Farmland Crops and cattle

AMES, Iowa — An Iowa State University study shows that the age of Iowa’s farmland owners continues to rise, with a record high 35 percent aged 75 years or older in 2017.

Sixty percent were over the age of 65, which is 5 percentage points higher than 2007 and twice the level recorded in 1982, say Wendong Zhang and Alejandro Plastina, assistant professors and Extension economists at Iowa State, who released results of the 2017 Farmland Ownership and Tenure survey at a press conference June 28 in Ames.

Conducted by Iowa State University since the 1940s, the Farmland Ownership and Tenure Survey — completed every five years — focuses on forms of ownership, tenancy and transfer of farmland in Iowa, and characteristics of landowners. The latest survey was conducted in July 2017.

Aging farmland owners is one of several notable trends found in the latest survey, Zhang and Plastina, both assistant professors of economics, said in an Iowa State news release.

“An increasing amount of land is cash rented,” Zhang said. “In 1982, leased farmland was equally divided between cash rent and crop share leases. However, by 2017, 82 percent of leased farmland was under a cash rent arrangement.

“Two primary reasons for the trend away from crop share and towards cash rent agreements are that landowners have become more dispersed and the number of landowners per tenant has increased. Both these trends make payment in grain and keeping grain differentiated by owner more difficult.”

More farmland is now owned debt free, the researchers said. In 2017, 82 percent of Iowa farmland was debt free, a significant increase from 62 percent in 1982 and 78 percent in 2012. This could be the result of profits earned during good crop years in 2012 and 2014 and profitable livestock production years like 2014.

The survey found that reasons for owning farmland are changing.

“The survey found three primary reasons for owning farmland,” Plastina said. “Almost half — 49 percent — is owned for current income, 19 percent is owned for long-term investment and 29 percent is owned for family or sentimental reasons. The remaining reasons include owning a house with an acreage and for recreation purposes.”

Zhang and Plastina said the data show a trend away from sole ownership and joint tenancy towards institutionalized ownership structures, such as trusts and corporations.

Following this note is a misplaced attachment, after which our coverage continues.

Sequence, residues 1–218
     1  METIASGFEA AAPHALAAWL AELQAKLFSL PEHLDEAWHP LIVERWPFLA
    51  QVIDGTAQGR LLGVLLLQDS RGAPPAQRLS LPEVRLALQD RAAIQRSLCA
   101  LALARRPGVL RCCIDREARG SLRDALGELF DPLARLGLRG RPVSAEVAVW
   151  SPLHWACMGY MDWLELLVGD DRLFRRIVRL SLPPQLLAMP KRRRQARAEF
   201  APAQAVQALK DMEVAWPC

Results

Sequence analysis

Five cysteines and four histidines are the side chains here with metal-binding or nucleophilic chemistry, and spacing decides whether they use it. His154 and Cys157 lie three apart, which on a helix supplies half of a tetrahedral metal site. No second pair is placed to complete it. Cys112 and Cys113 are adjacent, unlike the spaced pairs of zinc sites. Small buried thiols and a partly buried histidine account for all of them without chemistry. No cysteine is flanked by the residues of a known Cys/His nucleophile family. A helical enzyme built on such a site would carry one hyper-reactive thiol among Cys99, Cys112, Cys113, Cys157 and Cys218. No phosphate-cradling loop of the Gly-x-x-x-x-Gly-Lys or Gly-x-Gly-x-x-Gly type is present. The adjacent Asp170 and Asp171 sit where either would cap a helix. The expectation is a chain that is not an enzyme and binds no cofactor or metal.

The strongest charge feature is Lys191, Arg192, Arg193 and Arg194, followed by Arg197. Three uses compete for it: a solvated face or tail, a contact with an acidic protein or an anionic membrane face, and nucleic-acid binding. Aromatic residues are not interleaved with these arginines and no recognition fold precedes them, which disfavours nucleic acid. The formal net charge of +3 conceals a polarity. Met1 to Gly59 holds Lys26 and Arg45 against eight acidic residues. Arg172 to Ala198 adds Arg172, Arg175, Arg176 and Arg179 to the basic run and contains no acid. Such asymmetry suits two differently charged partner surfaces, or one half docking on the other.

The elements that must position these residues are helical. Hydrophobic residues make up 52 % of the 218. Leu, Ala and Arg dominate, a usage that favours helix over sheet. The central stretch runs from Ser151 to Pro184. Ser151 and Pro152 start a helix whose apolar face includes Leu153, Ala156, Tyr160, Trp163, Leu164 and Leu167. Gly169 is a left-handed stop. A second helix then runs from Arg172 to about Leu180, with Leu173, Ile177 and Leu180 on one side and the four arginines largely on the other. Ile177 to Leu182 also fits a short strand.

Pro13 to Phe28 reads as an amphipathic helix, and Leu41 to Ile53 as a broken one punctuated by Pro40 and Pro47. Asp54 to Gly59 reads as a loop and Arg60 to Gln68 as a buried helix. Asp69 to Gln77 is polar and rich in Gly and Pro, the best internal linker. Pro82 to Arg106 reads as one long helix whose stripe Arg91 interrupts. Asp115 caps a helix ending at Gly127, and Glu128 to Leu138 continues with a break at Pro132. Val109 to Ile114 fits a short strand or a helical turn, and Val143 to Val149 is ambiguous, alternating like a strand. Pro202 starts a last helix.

“In 2017, trusts accounted for 20 percent of all acres in Iowa, while three decades ago almost no land was owned in that fashion,” Zhang said. “In contrast, the share of farmland owned by sole owners or joint tenancy declined from 80 percent of farmland in 1982 to only half in 2017.”

Taken together, these major trends have significant implications for when and how farmland is intended to be transferred to the next generation, the Iowa State economists said.

Selected highlights from the 2017 survey include:

  • Sixty percent of Iowa farmland is owned by people 65 years or older and 35 percent of farmland is owned by people 75 or older.
  • Forty-seven percent of farmland is owned by women. Thirteen percent is owned by female landowners over the age of 80.
  • Over half of Iowa farmland is owned by someone who does not currently farm: 34 percent is owned by owners with no farming experience and 24 percent by retired farmers.
  • Eighty percent of land was owned by full-time Iowa residents, 7 percent was owned by part-time residents and 13 percent was owned by those who do not live in the state.
  • Cover crops are grown on approximately 4 percent of Iowa farmland. About 20 percent of farmland owners expressed willingness to pay a portion of planting costs to encourage more adoption of conservation practices on the land they own.
  • Approximately 30 percent of Iowa’s land uses inputs purchased from a cooperative, markets products through a co-op and uses custom services of agricultural cooperatives.

Complete results are at http://bit.ly/2017IFOTSReport.